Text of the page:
The strains of sustaining the central family fire in a consumer family are more often signs of these trying times than our inadequacies or inexperience as parents.
Until a century ago, and in many places far more recently, the family depended for its health on continuous exchanges with extended family, neighbors and a local community.
In consumer society today, the family purchases most of its sustenance to the best of its ability from professionals, specialists and experts at schools, institutions, corporations, agencies.
We entrust our children to others while we’re at work. We rely on doctors and chemistry for our health. We rely on supermarkets to supply our food. We rely on social workers, retirement homes or care units to tend to our vulnerable ones. We rely on mortuaries and undertakers for our dead.
Consumer society–where our basic social needs are up for sale and local community thus made obsolete–consumes the family by replacing most of its social functions, making it more prone to dysfunction.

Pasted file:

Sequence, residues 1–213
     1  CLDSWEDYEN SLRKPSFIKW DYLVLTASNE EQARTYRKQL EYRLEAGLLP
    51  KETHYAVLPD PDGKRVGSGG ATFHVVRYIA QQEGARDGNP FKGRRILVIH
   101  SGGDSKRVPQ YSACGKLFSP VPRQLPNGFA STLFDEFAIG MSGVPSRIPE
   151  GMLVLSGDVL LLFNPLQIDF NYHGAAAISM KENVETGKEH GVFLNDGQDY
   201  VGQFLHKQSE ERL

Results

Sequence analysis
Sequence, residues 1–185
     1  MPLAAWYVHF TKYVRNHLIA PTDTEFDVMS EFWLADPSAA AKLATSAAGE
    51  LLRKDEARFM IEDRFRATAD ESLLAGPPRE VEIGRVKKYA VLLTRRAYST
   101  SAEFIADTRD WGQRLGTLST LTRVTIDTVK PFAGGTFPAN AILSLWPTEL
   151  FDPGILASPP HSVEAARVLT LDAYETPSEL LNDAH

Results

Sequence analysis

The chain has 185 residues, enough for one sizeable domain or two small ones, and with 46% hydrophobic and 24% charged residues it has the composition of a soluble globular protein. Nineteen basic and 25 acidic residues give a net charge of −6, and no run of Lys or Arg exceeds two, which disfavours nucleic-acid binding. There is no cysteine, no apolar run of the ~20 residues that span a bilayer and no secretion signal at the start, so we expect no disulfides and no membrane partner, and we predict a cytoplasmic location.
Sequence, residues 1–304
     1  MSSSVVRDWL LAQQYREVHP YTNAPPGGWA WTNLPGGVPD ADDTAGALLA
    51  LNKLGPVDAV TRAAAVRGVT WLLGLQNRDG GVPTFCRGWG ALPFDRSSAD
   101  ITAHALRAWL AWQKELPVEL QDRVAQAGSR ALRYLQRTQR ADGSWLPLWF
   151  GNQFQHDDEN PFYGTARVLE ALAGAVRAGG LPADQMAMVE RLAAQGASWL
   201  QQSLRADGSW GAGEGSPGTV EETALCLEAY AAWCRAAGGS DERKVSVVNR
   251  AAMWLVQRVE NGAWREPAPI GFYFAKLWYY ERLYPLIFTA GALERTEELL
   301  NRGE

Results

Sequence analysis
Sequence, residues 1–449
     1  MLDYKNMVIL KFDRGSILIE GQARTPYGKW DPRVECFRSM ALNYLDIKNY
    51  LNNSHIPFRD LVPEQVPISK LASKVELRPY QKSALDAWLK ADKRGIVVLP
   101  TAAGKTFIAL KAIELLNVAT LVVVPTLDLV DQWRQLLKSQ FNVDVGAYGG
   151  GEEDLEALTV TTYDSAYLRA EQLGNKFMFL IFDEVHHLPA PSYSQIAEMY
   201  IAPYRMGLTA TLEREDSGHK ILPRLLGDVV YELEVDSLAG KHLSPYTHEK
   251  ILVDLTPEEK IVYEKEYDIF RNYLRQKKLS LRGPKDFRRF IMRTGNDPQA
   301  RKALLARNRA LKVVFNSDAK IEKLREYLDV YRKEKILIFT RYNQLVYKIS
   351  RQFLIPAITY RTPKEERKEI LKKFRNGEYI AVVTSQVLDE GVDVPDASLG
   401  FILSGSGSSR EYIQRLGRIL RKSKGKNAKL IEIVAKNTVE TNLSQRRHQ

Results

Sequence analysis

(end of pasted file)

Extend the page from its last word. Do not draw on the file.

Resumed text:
Here, family easily becomes fraught with isolation, loneliness, disconnection and the consequent stress of one or two adults doing their utmost to hold it all together. Trying to sustain family vibrancy, loving relationship and a nurturing environment for our children in this setting is a sisysephean task.
Autonomy is a managed existence dependent on purchased services flying a false flag, leaving us oddly and suprisingly in an interminable search for home. We depend on an impersonal system to provide us what we once provided for ourselves, with the help of community.
Family is not a sentiment. It’s a function. It is shaped, formed and sustained by the ways in which we come together, how we share chores and work, and the web of mutual dependence and vital relationships that bind us to one another.
Personal wholeness and well-being depends entirely on communal wholeness.
And so health for our children asks that we as parents devote ourselves to tending a family home of co-dependent people who are also dependent on the place in which we live, on our neighbors for our social life, and disciplining ourselves to the craft of knowing our place well enough to meet our basic needs.